Not only does returning home force Gohan to mentally acknowledge how fragile the good things in his life really are, it also leads him to take responsibility for protecting them. That quiet stillness of his home contrasts sharply with the overwhelming menace represented by the Saiyans, and Gohan realizes that he cannot let the dread of the latter intrude upon the tranquility of the former. Throughout his six-month journey, the boy has become more acutely aware of his preternatural abilities. This awareness coupled with knowledge of the doomsday that draws near germinates the seeds of bravery and duty in Gohan’s young heart. Even though the planet’s strongest heroes will be fighting the invaders, he must also fight because the purpose of having such power as he does is to protect his home and his family.
I will reiterate that none of what I have described above appears in the manga. We see a “before”–scenes depicting Gohan as more or less a defenseless crybaby–and an “after”–scenes of a resolute Gohan, fully trained, standing at the ready. Yet, readers don’t see anything of Gohan’s journey going from one to the other. In the anime, however, viewers observe not only that Gohan changes but how he changes. This makes a massive difference in how the audience empathizes with and responds to the character.
While the anime original content in episode sixteen may not contradict or alter any of the facts of the original story, I believe it has an additive quality to bring to the narrative nonetheless. If fictional characters are the sum total of information about them that creators reveal to us, then you could make an argument that the Gohan that encounters the Saiyans in the manga and the Gohan that encounters the Saiyans in the anime are different characters. The latter has some depth and a well-written psychological arc. And, the audience is invested in him as a player in this universe. Episode sixteen, as well as the adjacent anime-original episodes, may not have changed the facts of the Dragon Ball Z narrative, but they have fundamentally altered the audience’s relationship to part of the story. In my view, such a change is too important to simply be dismissed as “filler,” as fluff that adds nothing and just takes up space.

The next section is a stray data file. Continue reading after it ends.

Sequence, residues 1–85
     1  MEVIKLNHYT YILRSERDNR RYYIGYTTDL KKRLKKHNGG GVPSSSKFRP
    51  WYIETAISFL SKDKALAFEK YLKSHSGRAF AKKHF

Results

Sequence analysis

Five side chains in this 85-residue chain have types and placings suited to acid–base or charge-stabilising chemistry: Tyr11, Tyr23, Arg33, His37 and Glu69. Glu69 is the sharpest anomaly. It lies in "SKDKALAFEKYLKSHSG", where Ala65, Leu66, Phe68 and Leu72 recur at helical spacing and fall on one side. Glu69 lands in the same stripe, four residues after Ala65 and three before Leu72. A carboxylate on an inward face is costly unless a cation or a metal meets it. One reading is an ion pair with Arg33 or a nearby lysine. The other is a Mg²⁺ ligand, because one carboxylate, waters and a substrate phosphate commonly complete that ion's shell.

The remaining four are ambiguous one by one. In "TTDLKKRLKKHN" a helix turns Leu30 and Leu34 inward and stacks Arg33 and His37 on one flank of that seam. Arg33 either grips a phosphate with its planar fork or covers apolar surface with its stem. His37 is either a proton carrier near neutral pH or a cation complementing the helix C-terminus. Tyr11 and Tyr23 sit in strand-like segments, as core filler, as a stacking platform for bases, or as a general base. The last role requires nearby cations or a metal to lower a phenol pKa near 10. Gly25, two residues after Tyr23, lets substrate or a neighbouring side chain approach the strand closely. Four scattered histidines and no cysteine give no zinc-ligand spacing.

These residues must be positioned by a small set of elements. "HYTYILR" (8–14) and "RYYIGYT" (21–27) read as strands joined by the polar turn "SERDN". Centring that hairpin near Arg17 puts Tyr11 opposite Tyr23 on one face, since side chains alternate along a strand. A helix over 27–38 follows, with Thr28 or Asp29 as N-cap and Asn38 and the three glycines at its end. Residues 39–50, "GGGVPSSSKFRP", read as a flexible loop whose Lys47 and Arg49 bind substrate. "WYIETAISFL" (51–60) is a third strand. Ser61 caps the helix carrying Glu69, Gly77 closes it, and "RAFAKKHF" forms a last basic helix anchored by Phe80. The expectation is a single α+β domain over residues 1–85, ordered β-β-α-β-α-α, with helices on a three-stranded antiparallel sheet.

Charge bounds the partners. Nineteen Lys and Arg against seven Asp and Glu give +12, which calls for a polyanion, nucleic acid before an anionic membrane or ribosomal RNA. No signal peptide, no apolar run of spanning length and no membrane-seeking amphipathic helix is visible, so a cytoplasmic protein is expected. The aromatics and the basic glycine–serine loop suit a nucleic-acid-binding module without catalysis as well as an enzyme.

Here’s the part where I get accused of being a pedant. Some folks might think that as long as we distinguish between the part of an adaptation that is faithfully presenting the original’s story and the part that is not, then it doesn’t actually matter too much what term we use. “It’s easy enough to just call all of it filler. Everyone knows what we’re talking about anyway.” Whether we like it or not, though, words have connotations. Rather than being a neutral term, filler brings some baggage into its anime/manga/etc community usage. Filler denotes something that is inherently lesser than non-filler or canon; filler is a thing to be dismissed at worst, amused by at best. But, as I have shown above, adaptations can break from their original’s story and still be meaningful. The sixteenth episode of Dragon Ball Z is special, and it would be a disservice to the series to disregard or undervalue it.
For the sake of clarity, I will make one final point before concluding. I am not denying that filler exists. My argument isn’t nearly so ambitious! In fact, my argument doesn’t make any positive claims at all; it’s just about denying the universal claim that all anime original content is filler. This denial leaves plenty of room for the existence of anime original fluff, and, indeed, I would be arguing against crystal clear facts if my claims didn’t leave such room. Plenty of anime original episodes and arcs are just there to take up space until the creators want to proceed with adapting the original story. All I’m arguing for is the rather modest assertion that not all of this sort of content is filler and, thus, requires a different designating term.
I’ll say again that I believe that filler is the most misapplied term in discussions within the anime community. Not all (adaptation) anime episodes that break with the manga’s story are just filler. In fact, some of them can add such meaning and depth to a story that they can fundamentally change the audience’s relationship with it, without also altering that original story’s facts. This being the case, the community needs a new term to refer to the non-filler anime original episodes/arcs of manga adaptations. As to what such a term might be…that’s ultimately for the community to decide, I think.